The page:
Historical Songbook: “Los Hijos de Hernández” (1986)

Los Tigres del Norte are the most famous and accomplished conjunto band in Mexican musical history.

Their own story spans the border between California and Mexico (the group came together in San Jose, CA), and does so while playing norteño music that has a lot of cultural significance for Mexico’s north and the US Southwest (especially Texas). In short, they are emblematic of so much of the transnational character of Mexican American history.

Los Tigres are famous for their style of corridos, a Mexican folk tradition that often communicates the particulars of everyday life of most mexicanos, including their social/political struggles. For Los Tigres, their narco-corridos—songs that detail aspect of the illegal drug industry—are some of their most famous. Hardly confined to the dramas of the drug wars, they are a politically and socially-conscious group for a host of other issues as well.

In 1986, they released a song that demonstrates their both their radical sensibilities and its artistic expression, “Los Hijos de Hernández.” The song tells the story of an encounter at the border between a man and a border agent. Here is a quick translation:

Returning from my land,
and crossing the border,
an officer asks me
to fulfill my duties.
That if I had papers
I have to show to them.

And while he was reviewing them
I heard him murmur
something that made me angry.
That with so many emigrants already
many North Americans
can not work.

I told him very angrily
that which you murmured
has a lot of truth.
Latin Americans,
in the view of many Americans,
have taken away their place.

If we work very hard
and are not “chicken” either,
if life must be risked
in the fields of combat,
they have advanced us
because we know how to fight.

My children were born here,
ignoring the prejudice
and the discrimination
their homeland claimed,
and on the battlefield
they showed heart.

There no one noticed
that the Hernández’s they signed up
were cannon fodder.
Maybe my sons took
the places not filled
by the sons of some Saxon.

If on the payroll
look you in disgust
at my name in Spanish,
you will see on another list,
that upon reviewing, are missing in action.

While this he shouted,
the migrant wept,
and he said with emotion:
you can cross the border
anytime you want.
You have more valor than me.

Though the song is from the 1980s, and about the 1980s, it is also all about the Vietnam War of the 1960s and 1970s. It testifies to the widely-held belief that Chicanos and mexicanos were disproportionately sacrificing their lives for a nation that denied them substantive equality in most other sectors. In this way it is a reflection of the ways the Vietnam War remained such an unsettled event, both for the wider US society as well marginalized communities within that larger whole (like that of Mexican immigrants).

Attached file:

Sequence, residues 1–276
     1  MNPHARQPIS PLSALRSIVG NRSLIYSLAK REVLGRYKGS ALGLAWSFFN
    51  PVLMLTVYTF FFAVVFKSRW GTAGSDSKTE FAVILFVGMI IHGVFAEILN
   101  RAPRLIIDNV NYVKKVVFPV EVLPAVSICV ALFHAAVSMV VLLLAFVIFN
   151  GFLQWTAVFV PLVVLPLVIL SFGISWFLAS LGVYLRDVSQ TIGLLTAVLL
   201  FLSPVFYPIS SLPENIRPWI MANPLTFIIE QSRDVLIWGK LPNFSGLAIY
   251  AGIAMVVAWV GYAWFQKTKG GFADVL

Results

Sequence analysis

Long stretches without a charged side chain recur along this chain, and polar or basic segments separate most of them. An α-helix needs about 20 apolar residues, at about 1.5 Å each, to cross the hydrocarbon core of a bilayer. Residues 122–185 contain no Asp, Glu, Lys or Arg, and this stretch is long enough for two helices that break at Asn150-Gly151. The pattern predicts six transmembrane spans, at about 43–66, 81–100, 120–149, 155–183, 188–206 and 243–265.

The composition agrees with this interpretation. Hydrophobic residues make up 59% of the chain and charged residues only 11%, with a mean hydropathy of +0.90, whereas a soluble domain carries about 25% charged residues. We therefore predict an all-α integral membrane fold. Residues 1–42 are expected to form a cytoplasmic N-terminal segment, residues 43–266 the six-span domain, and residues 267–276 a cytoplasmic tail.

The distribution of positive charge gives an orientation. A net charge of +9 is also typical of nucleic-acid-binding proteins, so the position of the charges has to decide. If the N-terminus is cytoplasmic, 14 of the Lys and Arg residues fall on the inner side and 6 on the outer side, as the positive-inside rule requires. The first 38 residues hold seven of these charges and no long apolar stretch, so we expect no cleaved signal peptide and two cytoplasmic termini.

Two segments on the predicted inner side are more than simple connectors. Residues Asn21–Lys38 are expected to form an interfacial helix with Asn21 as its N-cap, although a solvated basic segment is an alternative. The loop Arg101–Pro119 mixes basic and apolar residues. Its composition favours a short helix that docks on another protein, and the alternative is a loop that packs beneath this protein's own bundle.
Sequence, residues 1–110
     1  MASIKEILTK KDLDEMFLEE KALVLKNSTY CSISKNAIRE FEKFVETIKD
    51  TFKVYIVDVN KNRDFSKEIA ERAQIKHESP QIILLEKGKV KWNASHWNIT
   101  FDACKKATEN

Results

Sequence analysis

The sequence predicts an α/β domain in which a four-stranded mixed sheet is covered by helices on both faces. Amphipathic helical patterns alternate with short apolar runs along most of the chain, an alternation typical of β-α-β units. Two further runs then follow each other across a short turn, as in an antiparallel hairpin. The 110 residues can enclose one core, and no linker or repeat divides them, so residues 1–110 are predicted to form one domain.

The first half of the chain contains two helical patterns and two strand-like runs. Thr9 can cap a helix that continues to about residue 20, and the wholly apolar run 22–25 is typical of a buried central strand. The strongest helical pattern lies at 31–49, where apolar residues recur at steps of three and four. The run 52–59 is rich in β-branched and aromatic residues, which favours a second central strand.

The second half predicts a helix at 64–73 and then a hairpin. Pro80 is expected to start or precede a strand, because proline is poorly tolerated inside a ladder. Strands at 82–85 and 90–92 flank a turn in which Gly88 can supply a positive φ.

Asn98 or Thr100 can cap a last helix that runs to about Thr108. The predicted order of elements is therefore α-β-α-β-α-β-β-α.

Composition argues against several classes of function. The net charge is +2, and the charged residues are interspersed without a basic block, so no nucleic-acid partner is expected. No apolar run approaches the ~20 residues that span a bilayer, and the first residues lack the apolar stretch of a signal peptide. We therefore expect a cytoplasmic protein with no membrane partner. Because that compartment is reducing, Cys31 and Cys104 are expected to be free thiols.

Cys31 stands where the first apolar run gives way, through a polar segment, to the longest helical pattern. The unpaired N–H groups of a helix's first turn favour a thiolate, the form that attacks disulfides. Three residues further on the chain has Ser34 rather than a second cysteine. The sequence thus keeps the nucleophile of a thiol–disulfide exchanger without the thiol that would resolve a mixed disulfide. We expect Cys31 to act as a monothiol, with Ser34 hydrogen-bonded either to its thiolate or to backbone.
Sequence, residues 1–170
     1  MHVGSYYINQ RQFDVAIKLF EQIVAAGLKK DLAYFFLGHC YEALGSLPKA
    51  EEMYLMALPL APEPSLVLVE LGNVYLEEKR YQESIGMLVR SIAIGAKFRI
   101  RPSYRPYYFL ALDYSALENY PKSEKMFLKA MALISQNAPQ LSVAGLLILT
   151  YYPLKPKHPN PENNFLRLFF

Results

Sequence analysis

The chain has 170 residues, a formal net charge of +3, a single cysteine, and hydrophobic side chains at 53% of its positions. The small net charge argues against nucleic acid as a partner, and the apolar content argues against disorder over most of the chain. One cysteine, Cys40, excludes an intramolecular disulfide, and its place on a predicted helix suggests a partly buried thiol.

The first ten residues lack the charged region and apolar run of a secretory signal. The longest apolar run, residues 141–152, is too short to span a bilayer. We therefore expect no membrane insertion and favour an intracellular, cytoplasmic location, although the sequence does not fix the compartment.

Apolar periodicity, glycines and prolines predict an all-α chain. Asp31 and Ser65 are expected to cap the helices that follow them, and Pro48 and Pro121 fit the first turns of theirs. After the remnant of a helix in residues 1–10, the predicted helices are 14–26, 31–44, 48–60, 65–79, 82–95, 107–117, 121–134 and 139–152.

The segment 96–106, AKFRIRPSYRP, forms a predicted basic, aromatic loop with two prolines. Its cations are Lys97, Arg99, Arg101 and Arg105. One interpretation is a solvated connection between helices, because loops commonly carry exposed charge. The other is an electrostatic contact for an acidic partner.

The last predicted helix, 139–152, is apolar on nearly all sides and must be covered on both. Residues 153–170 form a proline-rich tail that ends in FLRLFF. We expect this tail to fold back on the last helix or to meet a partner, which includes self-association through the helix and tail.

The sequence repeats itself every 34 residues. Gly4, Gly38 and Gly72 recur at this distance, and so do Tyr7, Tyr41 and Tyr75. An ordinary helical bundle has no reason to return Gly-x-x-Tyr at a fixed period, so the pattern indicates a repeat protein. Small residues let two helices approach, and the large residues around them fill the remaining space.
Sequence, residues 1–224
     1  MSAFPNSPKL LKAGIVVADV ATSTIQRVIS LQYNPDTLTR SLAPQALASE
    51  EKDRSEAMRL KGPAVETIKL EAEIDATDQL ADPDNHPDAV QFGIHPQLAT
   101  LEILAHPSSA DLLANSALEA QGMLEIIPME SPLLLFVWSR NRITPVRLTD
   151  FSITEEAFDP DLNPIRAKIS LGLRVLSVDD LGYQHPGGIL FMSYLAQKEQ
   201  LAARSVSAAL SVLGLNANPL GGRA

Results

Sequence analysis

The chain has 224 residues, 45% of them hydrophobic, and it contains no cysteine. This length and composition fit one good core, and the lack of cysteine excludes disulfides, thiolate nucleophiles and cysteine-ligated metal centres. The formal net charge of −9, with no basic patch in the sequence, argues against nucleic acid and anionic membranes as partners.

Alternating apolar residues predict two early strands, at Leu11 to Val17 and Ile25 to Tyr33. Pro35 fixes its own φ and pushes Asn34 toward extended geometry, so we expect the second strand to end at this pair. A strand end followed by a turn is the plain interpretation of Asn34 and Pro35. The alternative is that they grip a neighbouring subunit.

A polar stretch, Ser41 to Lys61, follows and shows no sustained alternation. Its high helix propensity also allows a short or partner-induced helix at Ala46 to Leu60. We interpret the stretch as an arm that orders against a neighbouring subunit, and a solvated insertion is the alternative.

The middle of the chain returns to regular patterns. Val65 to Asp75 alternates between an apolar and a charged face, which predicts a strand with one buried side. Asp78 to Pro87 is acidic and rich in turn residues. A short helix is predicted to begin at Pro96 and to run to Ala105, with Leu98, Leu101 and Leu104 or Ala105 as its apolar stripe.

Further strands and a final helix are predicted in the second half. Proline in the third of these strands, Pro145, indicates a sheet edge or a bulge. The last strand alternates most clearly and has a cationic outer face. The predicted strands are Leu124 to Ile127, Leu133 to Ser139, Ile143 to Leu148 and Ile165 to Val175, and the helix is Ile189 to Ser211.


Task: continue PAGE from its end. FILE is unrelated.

Or maybe its a tale that reflects the hidden ways the US did grapple with the lessons of Vietnam. After Vietnam, the US armed forces were all-volunteer, with the hugely unpopular draft coming to a formal end just before the conclusion of US military involvement in Southeast Asia. Among the many strategies the military would come to employ to assure a ready supply of able-bodied, trained soliders, would be to create new targeting strategies to attract more young men of color.

“Los Hijos de Hernández” reflects the contradictions of this increasingly “brown” army. Mexican immigrants and Mexican Americans alike would often be coveted and welcome into the US military while still forbidden entry or effectively marginalized within the US.

“Los Hijos” is a fantastic song in so many ways. Among its more powerful qualities is its desire to voice an experience that is so true, often (and tragically) unifying within the ethnic Mexican community, and yet almost completely absent from the mainstream US imagination. As a snapshot of the mid/late 1980s, the song also unifies the narratives of (im)migration, labor, war, and memory in a very powerful way.

One thought on “Historical Songbook: “Los Hijos de Hernández” (1986)

  1. Dear Professor Sandoval, I’m a librarian and archivist at San Francisco Public Library. Would you be interested in having a program here? I just recommended your book to a City College/SF student, and we’re anxious to get our departmental copy (“in processing!”)–SF History Center.

Leave a Reply

Fill in your details below or click an icon to log in:

WordPress.com Logo

You are commenting using your WordPress.com account. Log Out / Change )

Twitter picture

You are commenting using your Twitter account. Log Out / Change )

Facebook photo

You are commenting using your Facebook account. Log Out / Change )

Google+ photo

You are commenting using your Google+ account. Log Out / Change )

Connecting to %s